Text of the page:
Thursday, June 28, 2007
It was, on the other hand, a good night forRyan Howard, who became the fastest player to get to 100 Home Runs, about sixty or so games quicker than Ralph Kiner. Well done, Ryan.
We wrap up our X-Phillies series today with 2006 alumni. First, Bobby Abreu – the decision to deal Abreu to the Yankees will, in the long run, never result in the Phillies having acquired any significant talent. However, the decision to deal Abreu was unquestionably the correct one – there was no way that the Phillies could continue to pay Abreu his salary. This season the Yankees will pay him $15 million dollars, far too much for the Phillies to afford. The deal was a straight salary dump and it was the best thing to happen to the Phillies. Yes, they lost a key player in their lineup, but they gained valuable salary to spend on pitching, and got younger in the outfield. Shane Victorino, Abreu’s replacement in right field, is six years younger than Abreu and is a far better defender.
Abreu was a stalwart on the Phillies roster for years and helped power the ’06 Yankees to the A.L. East title: 9.4 Runs Created per 27 Outs (RC/27), .339 Batting Average with Runners in Scoring Position (BA/RISP), .177 Isolated Power (ISO) …
Thus far this season Abreu is off to a slow start … 5.6 RC/27, .109 ISO, .267 BA/RISP … His On-Base Percentage (.368) is well below .400 for the first time in years (.393 in 2001), and his slugging percentage is also a career low (.379, compared to his career average of .499). I think that Abreu’s struggles right now are simply the inevitable byproduct of him getting older and not seeing the same results he did when he was younger. It is worth comparing Abreu and Victorino so far this season:
Victorino / Abreu
RC/27: 5.5 / 5.6
BA/RISP: .257 / .267
ISO: .138 / .109
Not only did the Phillies get younger, shed some salary (they are paying Victorino $410,000, or 1/36th what the Yankees pay Abreu), but they also got better. Victorino might not outplay Abreu statistically this season, but the gap between them is pretty slight.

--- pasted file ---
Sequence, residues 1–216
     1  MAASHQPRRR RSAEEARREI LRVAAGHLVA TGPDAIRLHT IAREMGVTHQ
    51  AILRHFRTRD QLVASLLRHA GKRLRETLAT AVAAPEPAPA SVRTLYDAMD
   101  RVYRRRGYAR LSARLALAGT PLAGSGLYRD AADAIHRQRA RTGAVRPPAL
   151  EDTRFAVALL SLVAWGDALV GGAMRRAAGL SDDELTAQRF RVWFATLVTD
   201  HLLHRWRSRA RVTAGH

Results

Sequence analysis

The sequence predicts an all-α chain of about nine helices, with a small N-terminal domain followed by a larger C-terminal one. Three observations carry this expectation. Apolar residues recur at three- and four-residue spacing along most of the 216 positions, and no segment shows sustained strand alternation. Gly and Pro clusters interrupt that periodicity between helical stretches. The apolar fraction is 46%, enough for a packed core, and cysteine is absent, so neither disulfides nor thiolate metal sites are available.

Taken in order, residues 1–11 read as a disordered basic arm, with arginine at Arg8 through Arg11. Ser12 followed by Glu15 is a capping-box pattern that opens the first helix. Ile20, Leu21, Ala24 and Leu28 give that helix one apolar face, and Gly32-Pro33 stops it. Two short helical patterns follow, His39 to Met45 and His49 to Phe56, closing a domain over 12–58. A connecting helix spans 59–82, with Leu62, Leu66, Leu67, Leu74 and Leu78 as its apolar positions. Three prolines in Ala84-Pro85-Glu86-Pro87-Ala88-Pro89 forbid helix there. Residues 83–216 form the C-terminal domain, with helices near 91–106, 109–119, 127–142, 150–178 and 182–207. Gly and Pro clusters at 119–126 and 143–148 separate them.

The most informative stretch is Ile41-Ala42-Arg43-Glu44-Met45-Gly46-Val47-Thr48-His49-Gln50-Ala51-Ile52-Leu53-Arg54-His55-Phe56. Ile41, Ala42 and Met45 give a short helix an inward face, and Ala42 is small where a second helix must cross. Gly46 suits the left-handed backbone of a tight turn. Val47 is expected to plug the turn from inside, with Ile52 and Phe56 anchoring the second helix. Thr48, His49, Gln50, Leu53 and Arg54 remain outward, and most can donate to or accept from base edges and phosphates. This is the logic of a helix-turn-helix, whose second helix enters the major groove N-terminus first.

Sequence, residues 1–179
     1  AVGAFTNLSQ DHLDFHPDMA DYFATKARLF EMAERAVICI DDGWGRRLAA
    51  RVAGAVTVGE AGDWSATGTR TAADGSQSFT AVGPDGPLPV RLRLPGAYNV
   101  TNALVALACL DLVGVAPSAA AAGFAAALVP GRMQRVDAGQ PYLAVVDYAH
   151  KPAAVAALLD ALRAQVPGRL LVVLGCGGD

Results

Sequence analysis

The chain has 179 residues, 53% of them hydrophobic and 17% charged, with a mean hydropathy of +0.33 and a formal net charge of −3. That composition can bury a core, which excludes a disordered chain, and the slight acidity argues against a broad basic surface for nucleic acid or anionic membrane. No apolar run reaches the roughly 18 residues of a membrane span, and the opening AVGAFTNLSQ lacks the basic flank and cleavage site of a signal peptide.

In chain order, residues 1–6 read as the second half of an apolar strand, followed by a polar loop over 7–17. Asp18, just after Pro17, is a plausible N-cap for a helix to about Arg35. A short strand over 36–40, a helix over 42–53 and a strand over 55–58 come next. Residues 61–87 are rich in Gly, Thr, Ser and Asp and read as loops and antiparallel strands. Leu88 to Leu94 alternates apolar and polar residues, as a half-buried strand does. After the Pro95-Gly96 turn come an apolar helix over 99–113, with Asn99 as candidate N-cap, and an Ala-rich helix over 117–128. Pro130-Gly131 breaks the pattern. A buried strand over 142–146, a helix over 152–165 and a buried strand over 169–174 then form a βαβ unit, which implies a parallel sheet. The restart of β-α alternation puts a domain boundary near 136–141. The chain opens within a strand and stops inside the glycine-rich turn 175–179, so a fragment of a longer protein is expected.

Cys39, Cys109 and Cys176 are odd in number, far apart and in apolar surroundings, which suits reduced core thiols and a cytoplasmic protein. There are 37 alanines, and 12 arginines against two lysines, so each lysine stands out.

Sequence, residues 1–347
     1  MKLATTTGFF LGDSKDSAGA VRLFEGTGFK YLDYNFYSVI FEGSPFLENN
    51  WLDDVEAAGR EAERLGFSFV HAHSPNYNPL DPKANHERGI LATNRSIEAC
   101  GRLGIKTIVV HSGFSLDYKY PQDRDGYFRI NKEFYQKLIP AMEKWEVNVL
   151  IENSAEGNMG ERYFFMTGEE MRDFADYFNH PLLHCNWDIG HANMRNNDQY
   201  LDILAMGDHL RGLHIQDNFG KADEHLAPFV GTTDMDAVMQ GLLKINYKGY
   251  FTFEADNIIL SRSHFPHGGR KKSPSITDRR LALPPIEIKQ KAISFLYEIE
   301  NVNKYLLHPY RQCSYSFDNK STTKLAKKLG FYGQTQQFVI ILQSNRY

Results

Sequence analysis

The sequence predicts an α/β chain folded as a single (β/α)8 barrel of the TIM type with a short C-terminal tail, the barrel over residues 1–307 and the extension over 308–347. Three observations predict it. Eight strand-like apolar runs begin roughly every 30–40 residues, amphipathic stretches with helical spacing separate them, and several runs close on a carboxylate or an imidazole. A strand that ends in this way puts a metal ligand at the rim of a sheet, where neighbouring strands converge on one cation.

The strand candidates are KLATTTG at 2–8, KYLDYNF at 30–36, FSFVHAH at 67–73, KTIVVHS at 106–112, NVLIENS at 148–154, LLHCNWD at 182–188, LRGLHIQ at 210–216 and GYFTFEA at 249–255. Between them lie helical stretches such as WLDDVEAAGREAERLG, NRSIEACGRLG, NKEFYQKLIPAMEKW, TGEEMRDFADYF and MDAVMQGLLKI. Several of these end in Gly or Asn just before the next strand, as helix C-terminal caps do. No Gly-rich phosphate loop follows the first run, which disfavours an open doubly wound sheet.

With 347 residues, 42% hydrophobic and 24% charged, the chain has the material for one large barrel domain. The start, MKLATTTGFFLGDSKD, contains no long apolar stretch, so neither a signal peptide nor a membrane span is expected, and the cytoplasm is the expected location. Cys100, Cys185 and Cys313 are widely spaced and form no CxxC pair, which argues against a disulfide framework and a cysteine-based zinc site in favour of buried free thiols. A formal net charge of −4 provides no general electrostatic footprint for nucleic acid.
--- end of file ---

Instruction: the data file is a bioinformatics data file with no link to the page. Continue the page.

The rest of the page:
One other odd thing I noticed: Abreu has ground into 9 double plays thus far this season. In 2006 he hit into a total of 13 with the Phillies and Yankees in 686 plate appearances. If he gets to 686 PA’s in 2007, he’s on a pace to hit into 20 GIDPs. That’s a big increase for a player who’s career high is 13.
The Phillies let David Dellucci walk to the Cleveland Indians, a decision that I opposed and felt was a mistake, but proves that Pat Gillick is a much smarter man than I. After hitting 13 home runs, 39 RBIs and 6.2 Runs Created in 2006 with the Phillies, Dellucci is off to a terrible start with the Indians, with just 4 home runs, 19 RBIs and 3.7 RC/27. Dellucci was a terrible clutch hitter with the Phillies – .185 BA/RISP – and he isn’t doing too much better with the Indians: .167. In short, the Phillies have really made out under the deal, acquiring a draft pick as compensation and allowing deadwood to get out of town. That’s a win.
Mike Lieberthal, another long-time Phillies stalwart, is harder to evaluate. The Phillies couldn’t retain the oft-injured Lieberthal and needed to let him leave so that Carlos Ruiz could step into the role as the Phillies #1 catcher. Thus far Lieberthal has played sparingly with the Dodgers (just 35 plate appearances), so it is difficult to evaluate his performance.
Sal Fasano, Lieberthal’s replacement for much of 2006, likewise is a tough one to figure out: he had just 57 plate appearances in 2006 with the Yankees, and has just 49 with the Blue Jays.
Which brings us to Randy Wolf. Boy, couldn’t the Phillies use Randy Wolf’s arm right now? The Phillies let Wolf leave and sign with the Dodgers in the off-season after most of Wolf’s 2005 and 2006 campaigns were lost to Tommy John arm surgery. Wolf started 12 games in 2006 and went 4-0 with a 5.56 ERA. I suppose the team didn't want to take a risk on him after his crippling injury in 2005. At the moment, however, Wolf is turning in a dominating performance with the Dodgers: 8-5, 4.24 ERA. Impressively, Wolf's Fielding Independent Pitching (FIP) ERA is 3.42, nearly three runs lower than it was last season (6.39). Very quietly, Wolf is keeping runners off the base-paths (2.7 BB/9), getting strikeouts (8.5 K/9, 3.1 stikeouts to walks), and isn't surrendering many home runs. He's a dominating pitcher right now and an important part of the Dodgers. Wolf's departure, not Abreu's, is the one that the Phillies might one day come to rue.
Tomorrow, a look at the Mets & Phillies.
Also, if Phils win 5 straight they'll be in first on Monday no matter what Mets do tonight. 3 1/2 gms can be made up in one 4 gm head to head series.